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Why You Should Actually Journal With Friends!

Hobbies that are free and help you grow as a person are rare to find. Especially when they also allow you to surround yourself with a community.

A way to do this is a writing group, which can bring a group together to focus on anything from journaling, personal stories, or genre work.

Many people are intimidated by the idea or think that it has to be far more formal than it is. Obviously, it’s great if you already love writing as a pastime, but it works even if you are new to writing. It’s more about preparing something to share. We are so used to writing for a grade that we forget what an outlet language can be.

I currently have a writing group that meets every Sunday to discuss our personal writing collaborate on a collective project. Getting feedback helps us make connections, within our thoughts and create a community. One of the great things about using words is that you have to consider who is going to hear those words. Thinking about how to shape what you say in a way that is most effective to your audience.

Tip One: Try your best to find writers at your level if you are doing something creative.

This is especially true when you write in a group. When you swap your ideas and get feedback, you are getting really useful information about how you come off to others. Thinking about your audience and what they are most likely to understand and receive helps you become a better communicator overall. Sometimes we don’t realize how much we only make sense to ourselves. We have a bias where we assume other people think like us or interpret sentences like us.  

You can use this insight to consider how you come off to others when you are talking or even texting (another written form). We spend a lot of time feeling misunderstood and wishing that we could share our experiences and interpretations with others. Often, when we get the opportunity, we are not prepared enough to come across clearly.

Tip Two: Set up boundaries

A writing group can be a very safe place. Especially if some ground rules are agreed upon beforehand. This is especially important if the material being discussed involves more personal subject matter. Writing groups help deepen your interpersonal relationships. Writing is a great way to maintain a relationship with yourself. Whether it is journaling, writing creatively or posting online, writing helps us weed out the thoughts that clutter our ability to reach clarity.

Trying something new ‘n free never hurt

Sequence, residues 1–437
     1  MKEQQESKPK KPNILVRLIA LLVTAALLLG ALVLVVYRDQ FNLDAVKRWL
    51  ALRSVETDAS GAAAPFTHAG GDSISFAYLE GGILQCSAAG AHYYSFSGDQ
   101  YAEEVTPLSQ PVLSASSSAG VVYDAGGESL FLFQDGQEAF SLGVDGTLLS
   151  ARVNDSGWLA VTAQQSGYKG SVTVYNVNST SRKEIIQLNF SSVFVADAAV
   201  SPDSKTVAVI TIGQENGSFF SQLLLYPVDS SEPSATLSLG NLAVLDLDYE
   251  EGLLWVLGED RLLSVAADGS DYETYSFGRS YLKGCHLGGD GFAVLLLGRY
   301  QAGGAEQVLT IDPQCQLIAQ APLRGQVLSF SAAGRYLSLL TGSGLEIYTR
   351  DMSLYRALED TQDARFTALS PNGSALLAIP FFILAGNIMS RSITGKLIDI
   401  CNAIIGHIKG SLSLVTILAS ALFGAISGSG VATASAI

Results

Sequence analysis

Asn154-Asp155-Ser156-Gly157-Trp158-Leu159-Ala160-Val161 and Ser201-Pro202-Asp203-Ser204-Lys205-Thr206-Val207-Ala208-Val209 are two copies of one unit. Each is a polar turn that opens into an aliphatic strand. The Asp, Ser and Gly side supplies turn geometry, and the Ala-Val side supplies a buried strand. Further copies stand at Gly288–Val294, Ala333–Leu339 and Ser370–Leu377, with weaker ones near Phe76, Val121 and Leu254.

A sentence can only do so much at once. It forces us to slow down and focus. Take it one step (word) at a time. What do we want to say and what should come next? Writing can reveal to us what we think is important, as it is what we prioritize expressing. Analyzing your own writing for themes can tell you a lot about your mental state or worldview and can be a very healthy part of self-reflection.  

Tip Three: A writing group is healthy when you are able to express yourself with a select group of people, and in turn hear their input without defensiveness.

Writing can be very therapeutic. There is a reason counselors recommend journaling so often! Research shows it works and it’s something that can be entirely customized to fit the needs of the individual.

Tip Four: Become a better texter (a LARGE portion of relationships)

Writing gives us a chance to organize our thoughts and explore a concept before introducing it to someone. That delay, between sharing and receiving is what makes writing so personal and perfect for facilitating meaningful conversations.

Vanesa Arostegui is currently a graduate student at Central Washington University pursuing a master’s degree in Mental Health Counseling. She has obtained a bachelor’s degree in Psychology, as well as a bachelor’s degree in Professional and Creative Writing. She plans to go on and earn her MFA in creative fiction and poetry. She is the daughter of an immigrant, with a father from Spain. She wrote a personal narrative that dealt with mental health and that piece was a finalist in Sticks and Stones for short story Bellied Bones (2017). She also was recently a finalist in The New Guard Literary Review 2019 Poetry competition for her poem Puff Daddy (2019). Two Poetry Publications in Manastash Literary Magazine Scorpio Coloring Book and mommy’s alcoholic (2020).
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